“In examinations those who do not wish to know ask questions of those who cannot tell.”
The news last week from UK Finance, that personal deposits grew by just 1.2% over the past year - the lowest level since they started recording in 2007, drew a sharp contrast with the stated objective of the Child Trust Fund, about to celebrate its 16th birthday, which is to ‘establish a savings habit among children, providing a cushion of financial assets as they embark on adult life’.
Meanwhile GCSE results result released last Thursday confirmed the push towards the sciences that we saw the previous week in ‘A’ levels, but offered nothing in the form of financial education.
UK Finance is the umbrella trade organisation which embraces the Asset-based Finance Association, the British Bankers’ Association, the Council of Mortgage Lenders, Financial Fraud Action UK, Payments UK, and the UK Cards Association. Its regular updates are therefore authoritative, and show people having to dig further into their long-term savings and place more of their money in instant access accounts to meet their outgoings.
We may not be in as bad a situation as in Italy and Greece, but we remain a heavily indebted country. National and personal debts are too high, and it is tragic to see a new generation leaving university burdened with heavy student debt, right from the start of their working lives.
Meanwhile teachers have so little confidence in their own finances that they are generally unable to teach financial awareness. The lack of any mainstream GCSE examination bearing the word ‘finance’ confirms that, if you don’t test knowledge in a subject, how can you be confident that it’s being taught? And it really is wholly inadequate to suggest that finance can be included in Mathematics.
We should indeed be pleased that the GCSE results show science becoming more widely taken, and it is excellent news that the new ‘Food Preparation & Nutrition’ GCSE has proved to be so popular in its first year. We’ve analysed the full results from the Joint Council for Qualifications in order to show the movements in the numbers of exams taken since 2017 and, in general, the trends are encouraging - but not for finance.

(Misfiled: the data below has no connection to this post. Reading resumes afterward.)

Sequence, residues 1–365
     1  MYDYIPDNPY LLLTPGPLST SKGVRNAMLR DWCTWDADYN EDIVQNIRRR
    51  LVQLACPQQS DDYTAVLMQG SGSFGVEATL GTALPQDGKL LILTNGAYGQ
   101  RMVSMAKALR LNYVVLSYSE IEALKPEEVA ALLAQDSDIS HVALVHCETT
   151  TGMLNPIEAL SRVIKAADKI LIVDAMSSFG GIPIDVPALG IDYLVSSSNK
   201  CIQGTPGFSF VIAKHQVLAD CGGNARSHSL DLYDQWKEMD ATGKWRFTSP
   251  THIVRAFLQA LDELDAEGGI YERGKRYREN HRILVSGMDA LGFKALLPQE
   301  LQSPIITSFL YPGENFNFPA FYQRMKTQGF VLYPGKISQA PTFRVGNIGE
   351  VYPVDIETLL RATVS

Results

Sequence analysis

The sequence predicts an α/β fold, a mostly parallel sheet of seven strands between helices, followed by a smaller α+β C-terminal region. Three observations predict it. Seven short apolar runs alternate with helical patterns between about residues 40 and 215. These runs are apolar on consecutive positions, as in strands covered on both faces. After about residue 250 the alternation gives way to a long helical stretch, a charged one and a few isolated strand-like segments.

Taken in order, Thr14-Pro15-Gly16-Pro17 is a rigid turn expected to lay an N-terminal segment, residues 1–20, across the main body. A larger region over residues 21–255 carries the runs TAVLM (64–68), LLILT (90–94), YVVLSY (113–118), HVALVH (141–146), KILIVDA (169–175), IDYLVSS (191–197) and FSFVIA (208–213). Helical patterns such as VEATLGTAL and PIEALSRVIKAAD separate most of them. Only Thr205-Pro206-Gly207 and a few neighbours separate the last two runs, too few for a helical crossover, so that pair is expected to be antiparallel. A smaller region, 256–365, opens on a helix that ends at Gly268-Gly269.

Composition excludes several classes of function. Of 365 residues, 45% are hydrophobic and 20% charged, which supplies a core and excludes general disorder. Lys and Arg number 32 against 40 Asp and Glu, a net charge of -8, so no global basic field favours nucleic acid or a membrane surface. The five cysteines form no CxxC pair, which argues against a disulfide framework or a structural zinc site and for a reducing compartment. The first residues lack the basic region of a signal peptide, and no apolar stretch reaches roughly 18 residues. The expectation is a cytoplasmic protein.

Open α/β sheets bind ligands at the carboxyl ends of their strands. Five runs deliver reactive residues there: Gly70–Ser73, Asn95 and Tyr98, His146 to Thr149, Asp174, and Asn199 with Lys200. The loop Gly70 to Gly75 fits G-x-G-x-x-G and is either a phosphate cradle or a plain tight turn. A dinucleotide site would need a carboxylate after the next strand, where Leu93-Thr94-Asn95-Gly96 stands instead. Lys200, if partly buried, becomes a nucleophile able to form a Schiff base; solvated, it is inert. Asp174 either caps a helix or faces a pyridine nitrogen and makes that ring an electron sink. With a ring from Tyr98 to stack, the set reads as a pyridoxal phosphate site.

And that’s why the Child Trust Fund has such an important role to play. The Share Foundation assessed the current status of the scheme last week, as the oldest recipients approach their 16th birthday on 1st September: it’s an interesting picture, with three distinct demographic segments.
The wealthy have made the greatest use of the account, as many suspected that they would. Additional subscriptions have been made by family/friends, and the average value is nearly £4,000: starting from an average Government contribution of £250, boosted by those extra subscriptions and investment growth. The challenge in this segment now is to hand over control of the account to the young person as they reach 16, and to build financial awareness first hand.
For the middle demographic of c. 4 million accounts, the Government contribution averaged c. £500 - and they’ve seen a limited increase from additional contributions and investment growth. Over 1 million Child Trust Funds were opened as cash accounts, and these will have featured significantly in this demographic. So their average value is just under £1,000, and about one in every six accounts is ‘Addressee Gone Away’, or lost. If Child Trust Funds are to generate financial awareness for this group, a lot of work will need to be done throughout the secondary school network.
Then there’s the most disadvantaged: those in receipt of Child Tax Credit. Here the ‘Addressee Gone Away’ rate has risen to an appallingly high 37% and, because Government contributions were that much greater, their average value is c. £1,600. So for these 440,000 children with lost accounts there is now nearly £0.75 billion of value heading for dormancy unless these accounts are found. This really calls for Government action, and The Share Foundation has proposed an incentivised learning programme: not only to find the missing accounts, but also to provide real financial awareness engagement with these young people.
Somehow we’ve got to reach the position where we can focus on the needs of young people in addition to those of Brexit. It’s clearly not easy, but we cannot just leave vast quantities of debt, and virtually no financial training or experience to deal with it, for the next generation - especially when we have an account already in existence in the form of the Child Trust Fund, ready to do its bit. Let’s wake it up and, while we’re about it, let’s have a ‘Financial Awareness’ GCSE to match ‘Food Preparation & Nutrition’.